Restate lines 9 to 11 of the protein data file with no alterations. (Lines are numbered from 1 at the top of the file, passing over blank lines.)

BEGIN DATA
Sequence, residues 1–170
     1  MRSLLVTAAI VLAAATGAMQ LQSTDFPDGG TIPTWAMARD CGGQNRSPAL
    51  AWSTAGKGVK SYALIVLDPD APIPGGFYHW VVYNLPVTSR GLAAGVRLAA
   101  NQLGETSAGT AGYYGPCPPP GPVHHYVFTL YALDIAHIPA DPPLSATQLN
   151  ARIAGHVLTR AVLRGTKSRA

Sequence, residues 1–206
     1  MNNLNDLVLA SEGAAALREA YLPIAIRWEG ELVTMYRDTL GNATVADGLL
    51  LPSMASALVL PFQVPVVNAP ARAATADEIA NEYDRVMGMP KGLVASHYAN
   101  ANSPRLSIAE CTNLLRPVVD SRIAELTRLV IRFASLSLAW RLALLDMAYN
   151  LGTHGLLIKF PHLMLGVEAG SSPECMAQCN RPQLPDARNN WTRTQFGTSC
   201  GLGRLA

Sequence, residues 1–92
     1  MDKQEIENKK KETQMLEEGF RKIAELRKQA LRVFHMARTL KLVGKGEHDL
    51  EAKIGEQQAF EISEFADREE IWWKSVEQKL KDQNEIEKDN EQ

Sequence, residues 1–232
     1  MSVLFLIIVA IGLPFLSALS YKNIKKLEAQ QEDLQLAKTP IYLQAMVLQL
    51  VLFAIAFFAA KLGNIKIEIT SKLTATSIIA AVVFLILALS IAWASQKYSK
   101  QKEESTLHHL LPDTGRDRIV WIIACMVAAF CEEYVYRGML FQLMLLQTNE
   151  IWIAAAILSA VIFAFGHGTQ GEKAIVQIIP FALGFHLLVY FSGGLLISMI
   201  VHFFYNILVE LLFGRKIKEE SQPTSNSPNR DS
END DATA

   101  ANSPRLSIAE CTNLLRPVVD SRIAELTRLV IRFASLSLAW RLALLDMAYN
   151  LGTHGLLIKF PHLMLGVEAG SSPECMAQCN RPQLPDARNN WTRTQFGTSC
   201  GLGRLA